Do not start the image acquisition routine on your microscope until Live Import is active; starting acquisition prior to starting Live Import may lead to improperly formatted results.

  4. Start image acquisition on your acquisition software.
  5. Save the image when acquisition is complete and the full sequence can be viewed.

Select acquisition folder dialog

Supported formats

Live Import automatically updates the displayed volume in 3D View when the acquisition software completes a full frame of image acquisition, composed of a single time point with all Z-slices and channels. Live Import supports use cases with one file or multiple files per acquisition; different file types are supported for each acquisition method.

Acquisition modeSupported formatsDescription
Multiple files

TIFF, RAW, DAT (tested)

Other formats with native Aivia support (untested)

The acquisition software creates a single file per Z plane, per time point, and/or per channel. When the files are written to disk, Live Import collects them in memory to build a single time point.

Once a full time point is in cache, Aivia will convert the volume into Aivia's multi-resolution format and display the result in 3D View.

Single fileSLD (3i), TIFFThe acquisition software creates a single file containing the full structure of the file and updates the file as images are acquired on the system. Live Import will convert the volume and display the result in 3D View as new time points are added into the file.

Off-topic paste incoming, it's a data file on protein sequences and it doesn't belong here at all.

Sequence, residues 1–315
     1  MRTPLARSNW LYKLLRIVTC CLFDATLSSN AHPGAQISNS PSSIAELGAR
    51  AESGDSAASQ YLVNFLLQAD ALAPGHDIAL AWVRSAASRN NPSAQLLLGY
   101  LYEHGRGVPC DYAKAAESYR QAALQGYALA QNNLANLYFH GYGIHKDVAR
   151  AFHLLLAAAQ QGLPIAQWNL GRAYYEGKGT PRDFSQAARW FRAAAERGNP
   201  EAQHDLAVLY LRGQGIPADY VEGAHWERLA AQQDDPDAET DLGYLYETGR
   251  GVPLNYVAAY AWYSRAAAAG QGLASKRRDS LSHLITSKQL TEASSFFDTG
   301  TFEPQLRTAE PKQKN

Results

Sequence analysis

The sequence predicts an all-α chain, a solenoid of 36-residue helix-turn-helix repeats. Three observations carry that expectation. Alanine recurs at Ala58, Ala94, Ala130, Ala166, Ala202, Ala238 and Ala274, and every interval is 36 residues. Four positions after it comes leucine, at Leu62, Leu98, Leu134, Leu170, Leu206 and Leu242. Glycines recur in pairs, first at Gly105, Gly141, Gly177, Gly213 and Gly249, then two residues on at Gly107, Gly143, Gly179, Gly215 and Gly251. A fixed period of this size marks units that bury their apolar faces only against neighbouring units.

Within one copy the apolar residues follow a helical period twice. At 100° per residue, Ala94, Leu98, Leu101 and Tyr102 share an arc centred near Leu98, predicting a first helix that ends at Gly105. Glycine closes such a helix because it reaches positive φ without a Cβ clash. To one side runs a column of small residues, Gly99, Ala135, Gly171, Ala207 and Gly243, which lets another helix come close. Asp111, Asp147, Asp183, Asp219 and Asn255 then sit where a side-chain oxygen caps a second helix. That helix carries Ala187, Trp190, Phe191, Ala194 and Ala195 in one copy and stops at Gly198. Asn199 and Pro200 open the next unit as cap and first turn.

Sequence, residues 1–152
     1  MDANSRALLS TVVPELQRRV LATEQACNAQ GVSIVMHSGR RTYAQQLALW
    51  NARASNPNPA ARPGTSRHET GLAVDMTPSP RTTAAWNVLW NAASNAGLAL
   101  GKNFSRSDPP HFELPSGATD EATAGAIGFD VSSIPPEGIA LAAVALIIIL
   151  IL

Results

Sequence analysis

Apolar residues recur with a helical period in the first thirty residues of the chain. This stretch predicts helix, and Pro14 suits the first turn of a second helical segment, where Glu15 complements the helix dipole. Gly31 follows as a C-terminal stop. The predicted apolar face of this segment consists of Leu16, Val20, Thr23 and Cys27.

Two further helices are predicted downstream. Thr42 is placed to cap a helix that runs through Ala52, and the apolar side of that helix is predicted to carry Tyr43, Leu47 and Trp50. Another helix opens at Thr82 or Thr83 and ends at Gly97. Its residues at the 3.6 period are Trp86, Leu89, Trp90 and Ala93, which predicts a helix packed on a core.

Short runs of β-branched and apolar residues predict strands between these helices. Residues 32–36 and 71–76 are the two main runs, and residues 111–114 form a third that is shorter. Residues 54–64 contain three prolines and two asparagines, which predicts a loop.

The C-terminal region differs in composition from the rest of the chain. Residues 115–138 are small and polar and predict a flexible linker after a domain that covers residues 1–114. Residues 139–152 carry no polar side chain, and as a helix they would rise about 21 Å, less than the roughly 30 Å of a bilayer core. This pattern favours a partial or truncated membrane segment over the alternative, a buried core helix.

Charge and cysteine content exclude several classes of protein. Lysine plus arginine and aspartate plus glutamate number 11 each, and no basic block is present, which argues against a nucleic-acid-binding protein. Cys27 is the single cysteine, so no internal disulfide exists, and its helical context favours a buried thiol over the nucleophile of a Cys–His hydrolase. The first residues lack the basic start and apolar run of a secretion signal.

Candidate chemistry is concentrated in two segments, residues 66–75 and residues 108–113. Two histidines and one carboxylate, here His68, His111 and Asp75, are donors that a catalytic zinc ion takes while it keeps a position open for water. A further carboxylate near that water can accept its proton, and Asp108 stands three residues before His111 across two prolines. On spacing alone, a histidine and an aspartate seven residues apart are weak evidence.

Performance expectations

Actual performance (i.e. how quickly Aivia will display a 3D time point after it is written to disk) will vary significantly based on the hardware used and image dimensions. For a PC with two 1 TB SSD drives, 128 GB of RAM and a modern (2018) high end Intel CPU Aivia can process and display up to 7 GB of data per minute (test image dimensions: 1881x821x844 16 bit, 2.5 GB per time point). Thus, for the test image mentioned Aivia will read, process and display a new time point every 20 seconds approximately.

Simulator mode

You can perform a test run of Live Import using the Simulator option in the Live Import window. In Simulator mode, Aivia will initiate a simulated acquisition sequence generating an artificial image volume based on the image dimensions specified once you click Start in the Live Import window. The simulated image will be displayed in Aivia only and will not be stored in the specified acquisition folder.

You can terminate the simulation early by going to File > Stop Live Import to stop Live Import.

Image credits

Jiaye (Henry) He, Jan Huisken Lab, Morgridge Institute for Research, Madison WI


  1. Huisken J and Stainier YR. (2007) Even fluorescence excitation by multidirectional selective plane illumination microscopy (mSPIM). Optics Letters. 32(17):2608-10. doi:10.1364/OL.32.002608